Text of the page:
I talked to Jasika Nicole recently, and she told me that the season finale is going to reveal good secrets about Peter and his past, and I was wondering if you could tell us a little bit about that. I know you can't tell us what they are, but like maybe what kind of things we're going to see, or give us any kind of hint.

J.J. Abrams: Well, instead of, obviously, giving any details away, because I'd rather not do that, but I would say that what's particularly cool about where we're finally going now, and where we're going to be next season, is that the story has, it's working on all three characters strengths. And that is to say that over the course of the season you'd find what sort of, is most exciting about a character and you figure out what are the elements that aren't working as well and what are the things that you'd love to see a character experience. I think that where we are at the end of this year, yes, you're going to get a little bit of a piece of Peter's ultimate story; but I think that it also is a huge turning point for the other two as well. And so, again, without giving anything away, I think that the fun of this first year was getting to know our people and their getting to know each other, and I feel so grateful that FOX were as supportive as they were and that we're coming back. They have the reputation for immediately canceling shows and I think that we are proof positive that it's not always the case, and again, I stand here incredibly grateful. But I think that the fun of next season is going to be now that we have this life, is that we're going to get to actually delve not only deeper into sort of who they are, but like I said, we're going to push the buttons that I think are working particularly well for each of the characters. And again, I just hope the show becomes more and more, the best version of itself, though. And I hope that the next year, we'll see that.

So, how much do you really, truly understand about everything that happens on the show?

J.J. Abrams: On Fringe?


J.J. Abrams: You mean in terms of the science?


J.J. Abrams: Well, I've always, and I'm sure to a fault, been of the mind that if you have a cool idea that's compelling and crazy, that's the idea you follow, and then you do research to back it up. There are occasions when research actually yields a story, but I have often found that that's not the case for me, that I'll have ideas here and there, but usually it's an idea that comes to the, okay, well, if that's the case, can someone blow up spontaneously? Like, could that happen? And then you end up working backwards and finding out that there are insane tests where people have applied microwaves to their - and you're like, oh, okay, and then you just kind of go with whatever feels closest. Fringe, ... these words, but Fringe was never intended as a course on any kind of physics or medicine or science. It was always meant to just be a kind of fun, cool, and insane representation of what it feels like to live in a world where science seems to be limitless in what it can do. The crazy thing about a show like Fringe is, as you're working on it, as you're writing about things that are insane, like a cold virus the size of a football, or whatever the hell you happen to be playing with that week, is invariably there will be a story online that you will see that is weirder than what you're writing, that actually happened. Whether it's a body part that was grown, whether it's about something that was replaced, whether it's about somebody that came back to life, whether it's about some really weird spontaneous event, like it just seems like the weirdest part about Fringe is, as we work on it, pushing the envelope, kind of having fun for ourselves, inevitably there is some real life actual story that's reported that feels almost beyond what we're playing with. I kind of feel like, yes, it's not, yes, it's fantasy, it's fiction, and yes, we're inspired by gut instinct much more than we are factual data, but I think that we all live in a moment where nothing surprises us any more, where almost anything that we would see online or in a paper, we would believe unless someone would whisper in my ear and said, by the way, that's .... So I just want to feel that we are in that weird place where as crazy as Fringe is, we no longer need to look to the supernatural ghosts or aliens to feel like there is an unpredictable and terrifying enemy among us. I think that we have made that enemy ourselves.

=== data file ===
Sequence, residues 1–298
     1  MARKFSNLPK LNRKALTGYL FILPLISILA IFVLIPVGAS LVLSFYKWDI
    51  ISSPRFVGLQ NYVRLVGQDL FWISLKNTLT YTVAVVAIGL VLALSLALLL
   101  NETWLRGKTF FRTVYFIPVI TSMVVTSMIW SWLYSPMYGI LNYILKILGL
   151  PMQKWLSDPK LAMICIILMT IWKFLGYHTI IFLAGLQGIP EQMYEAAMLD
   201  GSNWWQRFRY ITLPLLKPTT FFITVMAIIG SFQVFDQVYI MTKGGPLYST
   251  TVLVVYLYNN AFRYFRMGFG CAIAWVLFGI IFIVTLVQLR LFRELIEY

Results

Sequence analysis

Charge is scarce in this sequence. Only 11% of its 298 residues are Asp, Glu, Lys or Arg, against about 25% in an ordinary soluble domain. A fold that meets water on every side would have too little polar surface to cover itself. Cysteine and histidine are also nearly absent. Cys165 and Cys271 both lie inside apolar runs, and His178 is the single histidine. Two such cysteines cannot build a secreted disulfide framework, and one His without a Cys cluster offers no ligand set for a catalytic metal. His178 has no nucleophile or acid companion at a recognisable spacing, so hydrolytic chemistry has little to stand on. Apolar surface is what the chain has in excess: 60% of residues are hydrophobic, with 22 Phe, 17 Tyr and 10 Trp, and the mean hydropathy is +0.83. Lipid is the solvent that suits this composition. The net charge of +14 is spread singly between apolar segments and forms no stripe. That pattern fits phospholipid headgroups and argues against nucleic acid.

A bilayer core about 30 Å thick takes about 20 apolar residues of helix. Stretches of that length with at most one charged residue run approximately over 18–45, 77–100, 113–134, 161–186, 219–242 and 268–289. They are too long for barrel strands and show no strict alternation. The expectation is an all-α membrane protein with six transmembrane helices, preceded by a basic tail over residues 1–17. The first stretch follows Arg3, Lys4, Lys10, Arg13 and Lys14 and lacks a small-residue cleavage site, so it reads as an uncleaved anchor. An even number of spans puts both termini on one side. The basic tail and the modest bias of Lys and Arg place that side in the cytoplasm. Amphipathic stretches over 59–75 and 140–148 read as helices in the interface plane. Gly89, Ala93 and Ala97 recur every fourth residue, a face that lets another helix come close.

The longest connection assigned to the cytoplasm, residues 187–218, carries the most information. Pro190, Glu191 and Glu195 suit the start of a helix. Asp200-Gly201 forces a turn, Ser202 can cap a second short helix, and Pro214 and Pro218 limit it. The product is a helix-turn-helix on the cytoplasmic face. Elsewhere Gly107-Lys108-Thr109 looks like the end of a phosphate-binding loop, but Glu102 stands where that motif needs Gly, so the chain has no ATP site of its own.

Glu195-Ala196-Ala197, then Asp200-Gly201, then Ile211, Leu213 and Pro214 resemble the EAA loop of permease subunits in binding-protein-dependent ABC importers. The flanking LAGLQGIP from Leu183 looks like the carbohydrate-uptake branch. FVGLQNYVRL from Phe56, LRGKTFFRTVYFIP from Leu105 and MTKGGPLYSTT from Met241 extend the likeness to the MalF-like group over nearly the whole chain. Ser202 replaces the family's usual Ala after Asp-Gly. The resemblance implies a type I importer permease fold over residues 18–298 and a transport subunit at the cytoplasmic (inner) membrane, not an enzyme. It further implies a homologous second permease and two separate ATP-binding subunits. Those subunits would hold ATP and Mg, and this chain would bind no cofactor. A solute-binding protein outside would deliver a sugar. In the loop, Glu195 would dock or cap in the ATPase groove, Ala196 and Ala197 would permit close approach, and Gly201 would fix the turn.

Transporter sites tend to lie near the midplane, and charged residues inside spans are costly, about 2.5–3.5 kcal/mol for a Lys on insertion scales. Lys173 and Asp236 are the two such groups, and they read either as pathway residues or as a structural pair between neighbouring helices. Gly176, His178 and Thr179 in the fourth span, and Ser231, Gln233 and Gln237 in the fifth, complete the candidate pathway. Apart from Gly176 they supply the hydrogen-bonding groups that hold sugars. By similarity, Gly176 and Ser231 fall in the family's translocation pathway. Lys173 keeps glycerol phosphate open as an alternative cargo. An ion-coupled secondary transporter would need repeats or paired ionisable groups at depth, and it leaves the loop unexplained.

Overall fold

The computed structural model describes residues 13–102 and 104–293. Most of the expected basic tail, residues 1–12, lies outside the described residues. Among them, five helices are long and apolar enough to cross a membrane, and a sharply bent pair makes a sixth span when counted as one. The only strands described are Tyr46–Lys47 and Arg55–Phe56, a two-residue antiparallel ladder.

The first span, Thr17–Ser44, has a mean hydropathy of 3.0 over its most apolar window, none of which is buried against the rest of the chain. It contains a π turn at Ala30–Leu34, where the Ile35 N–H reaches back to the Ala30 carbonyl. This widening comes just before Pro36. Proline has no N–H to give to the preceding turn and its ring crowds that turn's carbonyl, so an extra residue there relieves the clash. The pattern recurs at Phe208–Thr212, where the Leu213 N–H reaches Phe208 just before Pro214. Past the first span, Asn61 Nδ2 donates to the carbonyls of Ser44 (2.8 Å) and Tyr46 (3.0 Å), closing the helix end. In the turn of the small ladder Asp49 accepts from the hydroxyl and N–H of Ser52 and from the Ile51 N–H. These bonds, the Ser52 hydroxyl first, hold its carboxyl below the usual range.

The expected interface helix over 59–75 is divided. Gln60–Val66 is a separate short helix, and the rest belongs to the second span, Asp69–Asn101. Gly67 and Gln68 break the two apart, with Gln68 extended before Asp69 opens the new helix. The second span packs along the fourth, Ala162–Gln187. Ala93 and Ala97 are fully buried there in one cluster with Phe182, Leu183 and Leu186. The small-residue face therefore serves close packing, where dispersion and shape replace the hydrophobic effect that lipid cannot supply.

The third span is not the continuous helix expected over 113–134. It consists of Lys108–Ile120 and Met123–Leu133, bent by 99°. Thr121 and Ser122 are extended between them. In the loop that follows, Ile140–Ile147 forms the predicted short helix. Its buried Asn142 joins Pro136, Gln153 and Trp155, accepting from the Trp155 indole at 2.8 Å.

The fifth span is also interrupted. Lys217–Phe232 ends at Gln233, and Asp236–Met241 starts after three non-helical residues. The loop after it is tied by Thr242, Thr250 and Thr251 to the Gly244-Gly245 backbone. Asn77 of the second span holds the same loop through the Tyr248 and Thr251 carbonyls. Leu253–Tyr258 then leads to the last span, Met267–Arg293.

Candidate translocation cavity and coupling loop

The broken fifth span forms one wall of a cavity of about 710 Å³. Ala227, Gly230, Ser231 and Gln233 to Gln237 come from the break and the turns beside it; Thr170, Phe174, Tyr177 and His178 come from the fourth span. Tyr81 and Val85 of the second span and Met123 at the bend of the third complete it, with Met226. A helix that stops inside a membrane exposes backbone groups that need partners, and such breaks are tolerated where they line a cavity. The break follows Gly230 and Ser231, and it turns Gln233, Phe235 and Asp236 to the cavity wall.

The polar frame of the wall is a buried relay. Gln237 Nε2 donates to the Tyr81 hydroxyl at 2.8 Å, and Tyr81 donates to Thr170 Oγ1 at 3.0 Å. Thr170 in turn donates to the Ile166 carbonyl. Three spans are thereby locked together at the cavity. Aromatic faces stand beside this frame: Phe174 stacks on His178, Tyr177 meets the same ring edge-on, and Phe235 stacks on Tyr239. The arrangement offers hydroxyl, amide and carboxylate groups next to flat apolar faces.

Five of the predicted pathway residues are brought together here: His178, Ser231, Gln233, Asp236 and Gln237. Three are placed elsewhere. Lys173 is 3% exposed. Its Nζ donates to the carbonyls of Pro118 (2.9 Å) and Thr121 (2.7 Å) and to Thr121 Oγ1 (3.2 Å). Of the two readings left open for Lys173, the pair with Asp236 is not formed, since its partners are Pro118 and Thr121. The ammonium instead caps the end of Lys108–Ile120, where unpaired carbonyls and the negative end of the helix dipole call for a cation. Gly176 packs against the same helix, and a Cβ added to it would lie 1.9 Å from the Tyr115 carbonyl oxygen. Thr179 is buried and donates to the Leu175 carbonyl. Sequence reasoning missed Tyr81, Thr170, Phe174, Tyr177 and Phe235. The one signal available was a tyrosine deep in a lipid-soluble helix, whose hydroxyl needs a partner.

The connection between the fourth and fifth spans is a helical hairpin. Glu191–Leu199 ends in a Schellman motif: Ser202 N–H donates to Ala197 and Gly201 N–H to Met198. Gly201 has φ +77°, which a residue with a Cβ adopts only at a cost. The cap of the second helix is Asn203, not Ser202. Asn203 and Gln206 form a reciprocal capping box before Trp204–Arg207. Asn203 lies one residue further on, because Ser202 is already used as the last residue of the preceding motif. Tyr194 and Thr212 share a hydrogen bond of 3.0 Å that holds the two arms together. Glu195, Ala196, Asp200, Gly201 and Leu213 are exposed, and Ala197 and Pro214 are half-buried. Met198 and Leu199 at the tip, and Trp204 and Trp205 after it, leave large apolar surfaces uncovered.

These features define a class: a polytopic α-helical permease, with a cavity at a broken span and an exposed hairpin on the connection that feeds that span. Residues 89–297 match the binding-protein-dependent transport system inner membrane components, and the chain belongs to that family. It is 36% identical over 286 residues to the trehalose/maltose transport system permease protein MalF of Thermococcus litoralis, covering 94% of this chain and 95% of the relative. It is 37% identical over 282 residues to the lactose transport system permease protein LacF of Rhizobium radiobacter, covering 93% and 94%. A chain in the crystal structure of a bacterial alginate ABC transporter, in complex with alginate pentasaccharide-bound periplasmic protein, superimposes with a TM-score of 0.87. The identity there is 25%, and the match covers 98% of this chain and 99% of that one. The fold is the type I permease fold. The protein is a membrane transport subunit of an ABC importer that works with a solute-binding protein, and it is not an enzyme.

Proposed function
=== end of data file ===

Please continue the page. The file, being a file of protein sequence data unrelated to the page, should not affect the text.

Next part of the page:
I want to return to something you were talking about a couple questions ago about sort of not confounding the audience. This past week began with a three or four minute monologue from Broyles, sort of catching viewers up, and there have been several episodes that have had similar expositional, in case you're just joining us, monologues. Do you foresee a day at some point, next season maybe, hopefully, where you don't need to do that any more?

J.J. Abrams: Yes. I can't say yes loud enough, fast enough, or with more passion. There is nothing more crazy than having that sort of massive chunk of exposition thrown at you at the beginning of the story. It is one of those things that I would love to avoid, and I think that sometimes the desire of either the producers, writers, network studio, wherever it comes from, to try and provide clarity, there is almost always the net result of confusing the hell out of people, like clarity looks like one thing on a script but is another thing ... And I feel like those kind of monologues of exposition don't help anyone. I mean, although, by the way, I think Lance delivers them beautifully and he's a wonderful actor, but I think any actor tasked with catching an audience up deserves a drink at the end of the day.

Now that we've seen Charlie and Broyles in this alternate reality, do you think we might run into, say, a still breathing John Scott over there?